The Kindle Scribe better watch out – there’s a new premium note-taking ereader on the market.
Available for preorder today – Wednesday, April 5 – the Kobo Elipsa 2E is the successor to the 10.3-inch Kobo Elipsa, the company’s first foray into a note-taking ereader. While there’s a lot of similarities between the two Kobo models, the Elipsa 2E comes with some notable and welcome upgrades from its predecessor.
For starters, the Elipsa 2E continues Kobo's eco-friendly mission that kicked off with the 6-inch Kobo Clara 2E last August. Just like its smaller sibling, the Elipsa 2E is made with 85% recycled plastic, including 10% that was bound for the ocean. This environment-conscious twist helps the Kobo Elipsa 2E standout from its direct competitor, the 2022 Kindle Scribe, which instead has a full metal chassis.
The comparisons don’t end there – just like the Kindle Scribe, the Kobo Elipsa 2E won’t arrive alone. Bundled with a completely redesigned Kobo Stylus 2, you’ll be able to use the Elipsa 2E to write up notes in margins of ebooks and PDF documents, highlight interesting parts of a book, and write or doodle to your heart's content across 20 different page settings. This new stylus has also improved on its predecessor, now with a rechargeable battery via a USB-C port, an updated design that includes a white ‘eraser’ at the top of the otherwise black pen and a magnetic strip to help secure it on the top of the Elipsa 2E (as opposed to the side in other similar devices).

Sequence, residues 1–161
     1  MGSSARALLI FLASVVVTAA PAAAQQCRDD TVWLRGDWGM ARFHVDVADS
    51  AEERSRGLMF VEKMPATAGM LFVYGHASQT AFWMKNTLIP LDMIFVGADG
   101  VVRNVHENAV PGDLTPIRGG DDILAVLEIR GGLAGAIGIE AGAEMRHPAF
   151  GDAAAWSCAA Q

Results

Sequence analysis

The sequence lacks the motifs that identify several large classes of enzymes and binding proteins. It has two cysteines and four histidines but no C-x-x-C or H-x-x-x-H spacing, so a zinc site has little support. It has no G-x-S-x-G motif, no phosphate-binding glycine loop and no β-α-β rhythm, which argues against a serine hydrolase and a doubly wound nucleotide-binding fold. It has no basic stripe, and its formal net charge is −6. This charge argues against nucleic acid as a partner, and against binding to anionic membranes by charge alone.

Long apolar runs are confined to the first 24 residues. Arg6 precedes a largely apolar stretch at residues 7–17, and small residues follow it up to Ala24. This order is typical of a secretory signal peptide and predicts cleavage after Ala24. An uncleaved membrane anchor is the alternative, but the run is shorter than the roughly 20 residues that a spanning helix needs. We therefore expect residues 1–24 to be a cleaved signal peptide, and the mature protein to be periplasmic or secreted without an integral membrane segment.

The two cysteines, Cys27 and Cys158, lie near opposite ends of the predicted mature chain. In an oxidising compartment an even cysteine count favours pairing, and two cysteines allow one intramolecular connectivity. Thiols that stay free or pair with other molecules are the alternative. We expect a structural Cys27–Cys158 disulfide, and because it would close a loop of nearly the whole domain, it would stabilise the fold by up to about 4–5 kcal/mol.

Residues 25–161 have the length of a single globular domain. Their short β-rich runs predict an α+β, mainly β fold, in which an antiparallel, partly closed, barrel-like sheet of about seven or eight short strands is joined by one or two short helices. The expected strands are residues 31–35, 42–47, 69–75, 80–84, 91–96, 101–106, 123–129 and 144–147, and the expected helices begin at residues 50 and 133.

- Want to see more options for 10.3-inch E Ink tablets? Check out our Onyx Boox Tab Ultra review
There’s also a sleepcase that you can purchase separately, and this too has been redesigned for the Elipsa 2E. Unlike the old foldable cover that was bundled with the previous Elipsa and opened in portrait mode, the new faux leather case opens like a book cover and is made of 97% recycled material. This cover, which essentially only encases one side and the top of the device, simply clips onto the longer slim bezel of the Elipsa 2E magnetically and also provides a much more secure spot to store the Stylus 2 by offering a nook for the new pen.
As for inbuilt features, there’s 32GB of storage, Bluetooth connectivity so you can listen to all your favorite audiobooks, and a glare-free E Ink touchscreen that, unlike its predecessor, now has amber LEDs to help change both brightness and light hue.
Kobo also has continued to offer OverDrive with the Elipsa 2E and this will remain on the devices despite the app being retired into the Libby service on mobile, allowing users to borrow books from a library that also has OverDrive support. Also on board is baked-in Pocket and Dropbox integration, so you can save longform web articles to read later (if you have a Pocket account set up on your web browser) and transfer files (even notes) directly from the cloud via a linked Dropbox account.
Like the older Elipsa, the Notebook features continue to be extensive, with handwriting recognition also available if you’d like to convert your notes to text.